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If an “-ism” must have influential representatives, it is time to begin referring to neoconservatism in the past tense. Neoconservatism was born when a group of influential and liberal New York intellectuals became disenchanted with the political left in the late 1960s. Since they attacked their former liberal allies, they appeared conservative, but because they retained an attachment to many of the liberal goals that had long attracted them, and because they were rarely Christian, from the South, or inclined to romanticize the past, they were not traditional conservatives. What could they be, then, but “neo-conservatives”?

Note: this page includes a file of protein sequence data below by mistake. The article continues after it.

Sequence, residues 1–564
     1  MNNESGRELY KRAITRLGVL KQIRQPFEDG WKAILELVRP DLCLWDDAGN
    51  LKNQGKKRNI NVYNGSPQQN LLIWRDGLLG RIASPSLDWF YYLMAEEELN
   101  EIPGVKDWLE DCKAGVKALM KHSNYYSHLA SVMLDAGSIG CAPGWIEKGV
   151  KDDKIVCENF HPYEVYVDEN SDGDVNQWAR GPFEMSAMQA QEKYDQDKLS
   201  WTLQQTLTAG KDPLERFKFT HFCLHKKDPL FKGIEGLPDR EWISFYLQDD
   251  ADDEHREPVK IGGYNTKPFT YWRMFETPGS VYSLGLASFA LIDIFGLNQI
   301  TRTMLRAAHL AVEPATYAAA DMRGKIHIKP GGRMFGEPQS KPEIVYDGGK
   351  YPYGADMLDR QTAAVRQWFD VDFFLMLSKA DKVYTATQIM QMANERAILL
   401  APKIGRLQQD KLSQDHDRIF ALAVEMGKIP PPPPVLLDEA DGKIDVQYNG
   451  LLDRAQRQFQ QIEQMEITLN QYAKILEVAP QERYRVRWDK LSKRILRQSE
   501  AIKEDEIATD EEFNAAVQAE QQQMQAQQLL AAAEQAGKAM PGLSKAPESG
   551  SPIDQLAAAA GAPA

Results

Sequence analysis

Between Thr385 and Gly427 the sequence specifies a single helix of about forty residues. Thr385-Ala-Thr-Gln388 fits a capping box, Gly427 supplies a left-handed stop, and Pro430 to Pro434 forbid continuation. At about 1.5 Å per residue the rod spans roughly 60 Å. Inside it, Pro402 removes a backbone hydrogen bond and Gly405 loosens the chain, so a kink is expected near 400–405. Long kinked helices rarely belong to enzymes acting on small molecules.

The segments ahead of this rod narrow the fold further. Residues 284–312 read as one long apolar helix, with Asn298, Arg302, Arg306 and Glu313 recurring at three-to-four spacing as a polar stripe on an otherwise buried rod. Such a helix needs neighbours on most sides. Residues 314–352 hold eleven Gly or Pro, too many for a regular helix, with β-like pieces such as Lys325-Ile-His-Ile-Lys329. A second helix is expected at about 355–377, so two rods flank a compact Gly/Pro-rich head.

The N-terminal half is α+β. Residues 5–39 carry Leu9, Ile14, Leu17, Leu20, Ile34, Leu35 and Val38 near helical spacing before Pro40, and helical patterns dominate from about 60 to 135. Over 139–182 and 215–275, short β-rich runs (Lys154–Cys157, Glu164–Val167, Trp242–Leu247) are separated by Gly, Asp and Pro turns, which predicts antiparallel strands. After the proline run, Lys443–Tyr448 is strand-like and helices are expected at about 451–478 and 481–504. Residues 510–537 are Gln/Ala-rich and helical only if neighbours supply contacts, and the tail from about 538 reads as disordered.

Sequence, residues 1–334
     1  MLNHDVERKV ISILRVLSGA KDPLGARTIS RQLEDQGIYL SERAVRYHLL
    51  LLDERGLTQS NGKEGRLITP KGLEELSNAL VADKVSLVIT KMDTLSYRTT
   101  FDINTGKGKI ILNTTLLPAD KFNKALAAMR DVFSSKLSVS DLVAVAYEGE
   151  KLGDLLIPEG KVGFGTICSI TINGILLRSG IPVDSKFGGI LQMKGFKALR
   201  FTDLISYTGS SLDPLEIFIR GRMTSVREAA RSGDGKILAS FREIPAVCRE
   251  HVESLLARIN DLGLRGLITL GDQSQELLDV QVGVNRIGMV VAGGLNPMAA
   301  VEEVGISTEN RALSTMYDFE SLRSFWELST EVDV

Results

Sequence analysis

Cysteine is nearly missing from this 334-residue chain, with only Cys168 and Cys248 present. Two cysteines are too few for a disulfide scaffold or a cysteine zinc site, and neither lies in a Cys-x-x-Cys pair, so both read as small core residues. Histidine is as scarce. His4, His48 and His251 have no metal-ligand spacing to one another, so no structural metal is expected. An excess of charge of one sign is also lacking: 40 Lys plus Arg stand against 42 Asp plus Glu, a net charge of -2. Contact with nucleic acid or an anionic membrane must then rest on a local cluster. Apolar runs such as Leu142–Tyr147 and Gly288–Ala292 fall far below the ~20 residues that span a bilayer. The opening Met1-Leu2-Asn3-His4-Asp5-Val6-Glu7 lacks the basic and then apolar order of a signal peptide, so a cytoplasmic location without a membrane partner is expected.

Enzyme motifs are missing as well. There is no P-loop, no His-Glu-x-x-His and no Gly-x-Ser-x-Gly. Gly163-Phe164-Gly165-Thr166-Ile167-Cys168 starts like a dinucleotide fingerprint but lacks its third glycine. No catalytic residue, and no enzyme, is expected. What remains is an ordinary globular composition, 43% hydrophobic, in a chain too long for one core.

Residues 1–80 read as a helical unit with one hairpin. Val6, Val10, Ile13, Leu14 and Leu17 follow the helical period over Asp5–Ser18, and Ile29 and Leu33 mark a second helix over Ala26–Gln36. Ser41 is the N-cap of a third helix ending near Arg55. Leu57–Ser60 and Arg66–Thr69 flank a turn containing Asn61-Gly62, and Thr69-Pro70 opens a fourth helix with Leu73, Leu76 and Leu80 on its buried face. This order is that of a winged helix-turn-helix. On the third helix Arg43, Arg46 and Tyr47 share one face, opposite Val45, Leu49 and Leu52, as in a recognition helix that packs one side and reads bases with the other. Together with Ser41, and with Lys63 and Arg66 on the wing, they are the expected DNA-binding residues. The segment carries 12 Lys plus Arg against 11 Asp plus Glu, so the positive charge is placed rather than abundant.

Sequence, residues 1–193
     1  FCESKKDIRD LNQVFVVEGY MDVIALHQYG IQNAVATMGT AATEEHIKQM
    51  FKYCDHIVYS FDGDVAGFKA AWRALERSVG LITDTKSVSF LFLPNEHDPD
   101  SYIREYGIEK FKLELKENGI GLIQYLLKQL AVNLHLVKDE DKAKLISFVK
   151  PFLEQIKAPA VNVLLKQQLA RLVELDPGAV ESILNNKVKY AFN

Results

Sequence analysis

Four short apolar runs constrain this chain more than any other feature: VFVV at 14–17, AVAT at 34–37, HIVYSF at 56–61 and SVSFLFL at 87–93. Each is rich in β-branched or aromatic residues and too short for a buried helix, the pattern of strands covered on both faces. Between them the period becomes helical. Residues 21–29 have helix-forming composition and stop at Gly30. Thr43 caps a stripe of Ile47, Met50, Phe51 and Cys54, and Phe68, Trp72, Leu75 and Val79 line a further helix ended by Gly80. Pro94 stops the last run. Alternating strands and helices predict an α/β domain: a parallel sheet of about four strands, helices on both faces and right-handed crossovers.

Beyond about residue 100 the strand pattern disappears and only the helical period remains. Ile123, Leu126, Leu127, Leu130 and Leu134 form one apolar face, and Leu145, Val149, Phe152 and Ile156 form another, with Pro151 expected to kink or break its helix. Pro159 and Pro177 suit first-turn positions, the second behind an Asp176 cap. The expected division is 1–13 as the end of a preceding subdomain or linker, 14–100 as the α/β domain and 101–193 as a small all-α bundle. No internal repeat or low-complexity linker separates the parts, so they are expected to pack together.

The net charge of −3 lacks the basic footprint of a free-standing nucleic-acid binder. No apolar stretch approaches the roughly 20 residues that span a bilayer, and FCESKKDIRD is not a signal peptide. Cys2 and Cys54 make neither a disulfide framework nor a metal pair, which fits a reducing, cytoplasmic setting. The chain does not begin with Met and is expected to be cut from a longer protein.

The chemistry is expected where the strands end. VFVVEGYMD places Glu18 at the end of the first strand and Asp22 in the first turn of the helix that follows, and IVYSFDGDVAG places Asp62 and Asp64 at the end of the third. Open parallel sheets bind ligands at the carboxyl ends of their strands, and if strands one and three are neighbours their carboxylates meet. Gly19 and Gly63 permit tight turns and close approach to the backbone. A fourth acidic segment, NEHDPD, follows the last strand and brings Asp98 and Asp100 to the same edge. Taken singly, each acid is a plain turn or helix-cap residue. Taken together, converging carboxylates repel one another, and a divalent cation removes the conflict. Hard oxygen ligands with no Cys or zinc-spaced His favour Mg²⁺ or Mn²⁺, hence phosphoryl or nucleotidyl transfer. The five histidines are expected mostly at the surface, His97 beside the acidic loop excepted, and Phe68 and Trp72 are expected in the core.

The neoconservatives were inclined, for example, to praise Franklin Delano Roosevelt, but never Barry Goldwater or Russell Kirk. They agreed with the left that it was critical to end racially ...

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